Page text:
Marshall N. Klimasewiski has two books, both published by W. W. Norton. The Cottagers, a novel, came out in 2006, and Tyrants, short stories, will be published in February. He teaches at Washington University in Saint Louis.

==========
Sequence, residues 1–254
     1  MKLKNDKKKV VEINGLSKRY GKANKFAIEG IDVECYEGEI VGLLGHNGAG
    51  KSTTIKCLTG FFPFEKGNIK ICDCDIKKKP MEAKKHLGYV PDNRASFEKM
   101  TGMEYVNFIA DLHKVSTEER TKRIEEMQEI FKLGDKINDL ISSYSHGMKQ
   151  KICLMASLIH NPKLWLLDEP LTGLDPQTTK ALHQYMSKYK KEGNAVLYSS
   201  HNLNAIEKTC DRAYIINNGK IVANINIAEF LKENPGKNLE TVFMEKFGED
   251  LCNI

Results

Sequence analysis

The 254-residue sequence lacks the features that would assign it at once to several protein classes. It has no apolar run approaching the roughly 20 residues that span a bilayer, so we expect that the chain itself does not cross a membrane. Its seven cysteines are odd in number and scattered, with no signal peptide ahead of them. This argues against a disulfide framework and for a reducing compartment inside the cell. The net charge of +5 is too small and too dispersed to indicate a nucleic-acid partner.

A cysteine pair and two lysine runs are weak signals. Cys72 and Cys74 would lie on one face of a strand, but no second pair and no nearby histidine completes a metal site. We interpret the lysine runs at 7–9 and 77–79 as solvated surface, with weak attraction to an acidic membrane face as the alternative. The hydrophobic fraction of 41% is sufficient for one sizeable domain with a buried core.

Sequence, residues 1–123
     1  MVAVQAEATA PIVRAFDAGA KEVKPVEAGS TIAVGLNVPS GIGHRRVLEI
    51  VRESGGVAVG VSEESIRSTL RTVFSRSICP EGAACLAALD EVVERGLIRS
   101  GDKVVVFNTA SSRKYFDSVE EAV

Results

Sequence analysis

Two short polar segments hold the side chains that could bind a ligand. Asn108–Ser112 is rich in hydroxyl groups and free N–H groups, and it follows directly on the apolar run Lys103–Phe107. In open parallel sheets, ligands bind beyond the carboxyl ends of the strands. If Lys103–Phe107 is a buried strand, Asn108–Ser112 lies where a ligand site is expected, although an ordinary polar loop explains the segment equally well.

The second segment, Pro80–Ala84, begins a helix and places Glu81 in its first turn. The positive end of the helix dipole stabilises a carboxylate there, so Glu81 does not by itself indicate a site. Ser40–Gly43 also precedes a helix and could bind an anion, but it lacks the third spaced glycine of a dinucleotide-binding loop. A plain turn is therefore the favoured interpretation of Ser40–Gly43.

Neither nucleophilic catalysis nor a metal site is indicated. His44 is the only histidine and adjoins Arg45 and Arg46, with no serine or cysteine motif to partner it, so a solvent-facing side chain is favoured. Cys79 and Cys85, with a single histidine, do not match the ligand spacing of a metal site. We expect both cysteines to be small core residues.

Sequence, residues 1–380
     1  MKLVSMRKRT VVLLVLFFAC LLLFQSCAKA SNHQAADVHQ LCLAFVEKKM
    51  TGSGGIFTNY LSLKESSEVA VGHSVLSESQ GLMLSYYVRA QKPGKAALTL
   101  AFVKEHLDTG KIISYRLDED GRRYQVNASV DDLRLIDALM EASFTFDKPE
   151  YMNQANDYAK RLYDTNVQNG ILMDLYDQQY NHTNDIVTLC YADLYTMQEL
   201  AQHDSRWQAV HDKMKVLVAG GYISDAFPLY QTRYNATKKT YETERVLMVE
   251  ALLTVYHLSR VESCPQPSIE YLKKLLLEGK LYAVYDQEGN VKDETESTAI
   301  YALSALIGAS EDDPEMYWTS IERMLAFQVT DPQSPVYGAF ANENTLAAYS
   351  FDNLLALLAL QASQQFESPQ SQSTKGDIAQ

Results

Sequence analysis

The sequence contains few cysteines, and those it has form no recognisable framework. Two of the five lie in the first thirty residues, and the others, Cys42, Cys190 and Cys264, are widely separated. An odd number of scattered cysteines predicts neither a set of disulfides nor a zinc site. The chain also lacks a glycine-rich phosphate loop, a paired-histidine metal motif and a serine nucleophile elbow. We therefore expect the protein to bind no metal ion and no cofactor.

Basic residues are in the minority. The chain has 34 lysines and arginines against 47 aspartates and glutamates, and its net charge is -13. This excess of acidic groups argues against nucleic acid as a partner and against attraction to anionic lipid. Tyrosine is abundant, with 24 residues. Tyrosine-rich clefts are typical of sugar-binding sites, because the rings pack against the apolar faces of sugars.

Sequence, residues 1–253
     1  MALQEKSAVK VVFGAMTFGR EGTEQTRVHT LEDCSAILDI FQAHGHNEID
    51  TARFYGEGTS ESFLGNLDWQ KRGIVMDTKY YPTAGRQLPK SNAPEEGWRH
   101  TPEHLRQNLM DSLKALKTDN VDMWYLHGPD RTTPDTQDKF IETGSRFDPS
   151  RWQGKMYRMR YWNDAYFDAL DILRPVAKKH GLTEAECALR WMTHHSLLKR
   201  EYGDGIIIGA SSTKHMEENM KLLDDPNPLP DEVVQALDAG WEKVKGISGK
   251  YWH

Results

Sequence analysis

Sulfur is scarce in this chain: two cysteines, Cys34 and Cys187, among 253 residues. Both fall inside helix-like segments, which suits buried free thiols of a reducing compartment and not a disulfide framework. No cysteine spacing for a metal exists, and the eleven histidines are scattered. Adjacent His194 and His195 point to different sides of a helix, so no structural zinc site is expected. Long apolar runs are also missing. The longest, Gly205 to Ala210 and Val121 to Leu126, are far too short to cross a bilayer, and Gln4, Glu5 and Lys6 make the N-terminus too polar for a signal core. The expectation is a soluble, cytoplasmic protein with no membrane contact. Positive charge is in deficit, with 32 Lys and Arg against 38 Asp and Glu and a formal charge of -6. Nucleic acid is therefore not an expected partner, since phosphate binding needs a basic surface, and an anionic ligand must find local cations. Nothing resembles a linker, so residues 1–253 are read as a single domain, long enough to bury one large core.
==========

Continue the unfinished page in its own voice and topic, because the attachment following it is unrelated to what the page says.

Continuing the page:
I had the pleasure of hanging out with some ambitious and vivacious books in 2007 that I thought were splendid – All Aunt Hagar’s Children, The Looming Tower, The House of Mirth – but I’d rather talk about a relatively shy, delicate creature that crawled into my brain and has been quietly expanding there ever since. Peter Ho Davies’ The Welsh Girl is set at the end of World War II in a village (not quaint, not kooky, not grotesque either) in Wales where a German P. O. W. camp is hastily constructed and filled. For me, it was one of those thoroughly engrossing, exquisite “small” novels which vividly render an isolated environment and a small cast and yet are somehow constantly aware of the massive and, in this case, terrible history past the reach of the pub and the flock. It’s a book that feels best read under a small circle of lamplight in a dark room, and it knows it: “confinement” is a word important to it, and both a ship in a bottle and a slate tunnel are featured beautifully. I do love a novel that takes full advantage of the intimacy of the art form, and how unlikely that such a book could so powerfully address the value and wages of nationalism.